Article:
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Noise Control

This page provides examples of local noise control policies in Washington State, as well as relevant statutes and court decisions.

Overview

Inadequately controlled noise can adversely affects people's health, safety, and welfare, property values, and the environment. Cities and counties in Washington follow three basic approaches to control noise problems:

  • (1) Adoption of noise control provisions based upon the state Noise Control Act, Ch. 70.107 RCW, utilizing decibel-based standards;
  • (2) Adoption of subjective "public disturbance noise" standards, which do not require the use of decibel meters for enforcement; or
  • (3) A combination of these two approaches.

Many of the smaller cities and towns have chosen the "public disturbance noise" approach.

Legal References

Statutes and Administrative Regulations

Court Decisions

  • State v. Immelt, 173 Wn.2d 1 (2011) - The court found a free speech violation in Snohomish County’s public disturbance noise ordinance
  • Holland v. City of Tacoma, 90 Wn. App. 533, 954 P.2d 290 (1998) - Tacoma's noise ordinance which prohibits the playing of car sound systems at a volume that would be "audible" at a distance of greater than 50 feet was held to be constitutional
  • Seattle v. Eze, 111 Wn.2d 22, 759 P.2d 366 (1988) - The court upheld Seattle's noise ordinance. The prohibition of "unreasonably" disturbing others with "loud or raucous behavior" met constitutional requirements of sufficient certainty to provide adequate notice and to avoid arbitrary enforcement
  • Spokane v. Fischer, 110 Wn.2d 541, 754 P.2d 1241 (1988) - An ordinance prohibiting frequent and habitual dog barking that disturbs or annoys any person in the neighborhood was found unconstitutionally vague
  • Everett v. O'Brien, 31 Wn. App. 319, 641 P.2d 714 (1982) - The court upheld Everett's public nuisance noise ordinance

Decibel-Based and Combined Public Nuisance/Decibel-Based Ordinances

from a practical standpoint, the decibel-based standards approach is the most difficult to enforce. This method requires the adoption and/or enforcement of noise control provisions enacted pursuant to the state Noise Control Act. This Act empowers the Department of Ecology (DOE) to establish maximum noise levels in identified areas or environments. See RCW 70.107.030(1). Local governments may enact similar provisions establishing noise limitations for areas within their jurisdictions. Any difference between the local regulations and those provided for by the state must be approved by DOE. See RCW 70.107.060(3). If DOE has not acted within 90 days after a local ordinance has been submitted to it, the local provision is automatically approved.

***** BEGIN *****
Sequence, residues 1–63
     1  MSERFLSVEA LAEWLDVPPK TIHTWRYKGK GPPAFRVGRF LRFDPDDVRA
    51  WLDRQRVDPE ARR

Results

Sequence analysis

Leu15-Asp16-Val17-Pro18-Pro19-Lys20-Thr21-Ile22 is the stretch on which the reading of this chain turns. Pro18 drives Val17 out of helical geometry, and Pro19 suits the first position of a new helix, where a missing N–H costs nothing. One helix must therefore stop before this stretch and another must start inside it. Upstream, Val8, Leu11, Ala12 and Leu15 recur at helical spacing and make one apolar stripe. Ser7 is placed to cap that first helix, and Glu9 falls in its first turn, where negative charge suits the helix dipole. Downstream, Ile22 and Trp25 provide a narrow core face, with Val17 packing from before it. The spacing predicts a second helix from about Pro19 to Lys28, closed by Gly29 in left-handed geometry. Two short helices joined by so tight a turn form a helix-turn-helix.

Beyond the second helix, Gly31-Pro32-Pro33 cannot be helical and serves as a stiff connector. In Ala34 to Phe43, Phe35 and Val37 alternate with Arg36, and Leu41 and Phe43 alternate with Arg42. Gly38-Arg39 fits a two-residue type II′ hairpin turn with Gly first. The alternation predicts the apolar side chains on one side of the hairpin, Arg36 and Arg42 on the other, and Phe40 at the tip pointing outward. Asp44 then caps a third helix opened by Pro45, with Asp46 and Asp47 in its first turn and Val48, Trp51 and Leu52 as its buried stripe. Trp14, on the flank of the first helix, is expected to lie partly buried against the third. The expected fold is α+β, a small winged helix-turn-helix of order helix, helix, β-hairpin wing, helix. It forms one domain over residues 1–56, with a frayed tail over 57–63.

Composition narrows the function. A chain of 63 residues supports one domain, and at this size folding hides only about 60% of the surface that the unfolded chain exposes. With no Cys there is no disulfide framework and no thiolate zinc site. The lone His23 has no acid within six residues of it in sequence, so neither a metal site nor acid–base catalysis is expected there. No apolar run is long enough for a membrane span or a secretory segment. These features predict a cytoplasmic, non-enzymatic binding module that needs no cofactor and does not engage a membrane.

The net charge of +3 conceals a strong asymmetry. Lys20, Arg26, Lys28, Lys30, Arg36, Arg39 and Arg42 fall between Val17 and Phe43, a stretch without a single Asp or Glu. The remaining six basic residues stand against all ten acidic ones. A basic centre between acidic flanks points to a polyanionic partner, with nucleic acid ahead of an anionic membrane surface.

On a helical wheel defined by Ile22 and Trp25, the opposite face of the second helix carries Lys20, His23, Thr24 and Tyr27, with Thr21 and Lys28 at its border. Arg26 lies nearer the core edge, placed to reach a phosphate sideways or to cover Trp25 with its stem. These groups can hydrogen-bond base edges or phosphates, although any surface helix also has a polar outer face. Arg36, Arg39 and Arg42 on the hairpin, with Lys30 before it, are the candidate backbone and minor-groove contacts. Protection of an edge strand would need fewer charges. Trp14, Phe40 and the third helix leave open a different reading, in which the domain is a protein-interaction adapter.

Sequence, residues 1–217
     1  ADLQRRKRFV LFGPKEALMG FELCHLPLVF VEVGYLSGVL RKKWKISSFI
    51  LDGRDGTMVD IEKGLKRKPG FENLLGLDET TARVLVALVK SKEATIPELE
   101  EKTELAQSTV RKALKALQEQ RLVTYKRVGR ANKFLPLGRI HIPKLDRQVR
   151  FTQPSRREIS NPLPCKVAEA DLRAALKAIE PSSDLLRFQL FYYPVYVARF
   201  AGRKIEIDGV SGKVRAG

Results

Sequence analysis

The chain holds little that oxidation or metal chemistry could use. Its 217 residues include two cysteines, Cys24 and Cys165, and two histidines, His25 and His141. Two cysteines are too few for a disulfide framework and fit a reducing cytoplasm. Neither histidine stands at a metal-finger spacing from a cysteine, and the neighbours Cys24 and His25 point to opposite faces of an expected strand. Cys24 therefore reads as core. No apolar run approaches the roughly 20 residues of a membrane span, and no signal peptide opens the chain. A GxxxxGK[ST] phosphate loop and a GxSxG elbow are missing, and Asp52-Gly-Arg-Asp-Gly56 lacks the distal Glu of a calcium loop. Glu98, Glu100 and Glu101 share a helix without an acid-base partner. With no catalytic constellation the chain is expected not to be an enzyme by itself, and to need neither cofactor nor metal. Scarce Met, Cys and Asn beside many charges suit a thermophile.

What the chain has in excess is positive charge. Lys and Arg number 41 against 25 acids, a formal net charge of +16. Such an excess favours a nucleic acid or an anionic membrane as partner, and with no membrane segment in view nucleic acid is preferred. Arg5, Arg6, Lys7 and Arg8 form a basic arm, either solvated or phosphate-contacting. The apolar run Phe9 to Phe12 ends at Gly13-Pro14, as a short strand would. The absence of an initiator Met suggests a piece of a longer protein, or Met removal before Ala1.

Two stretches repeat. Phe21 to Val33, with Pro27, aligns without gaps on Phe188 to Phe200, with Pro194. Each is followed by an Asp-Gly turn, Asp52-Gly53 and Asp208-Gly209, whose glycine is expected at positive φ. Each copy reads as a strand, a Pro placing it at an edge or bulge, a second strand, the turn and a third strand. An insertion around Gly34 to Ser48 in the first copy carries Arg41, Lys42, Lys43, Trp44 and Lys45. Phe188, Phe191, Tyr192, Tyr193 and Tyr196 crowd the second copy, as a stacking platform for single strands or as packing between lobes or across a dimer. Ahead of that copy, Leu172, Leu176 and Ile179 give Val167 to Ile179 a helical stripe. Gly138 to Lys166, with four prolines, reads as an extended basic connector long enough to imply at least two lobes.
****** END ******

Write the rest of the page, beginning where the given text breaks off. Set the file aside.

The rules adopted by DOE establishing maximum permissible noise levels are contained in chapter 173-60 WAC, relating to maximum environmental noise levels, and chapter 173-62 WAC, relating to motor vehicle noise performance standards.

  • Chapter 173-60 WAC establishes three classes of environmental designations for noise abatement (EDNA), which are the areas or zones within which the maximum permissible noise levels are set. These EDNA zones are defined with respect to land usage and can usually be transferred to previously-established classifications in existing zoning ordinances or comprehensive plans.
  • Chapter 173-62 WAC, relating to motor vehicle noise performance standards, establishes maximum permissible sound levels for motor vehicles on all public highways. The chief problem with enforcing the state Act (or an equivalent local ordinance) is the focus on decibel readings. Not all communities have the equipment or the necessary training to enforce such provisions. One benefit to the decibel approach, though, is that there is less likelihood of a successful constitutional challenge under it than under other methods of noise control enforcement.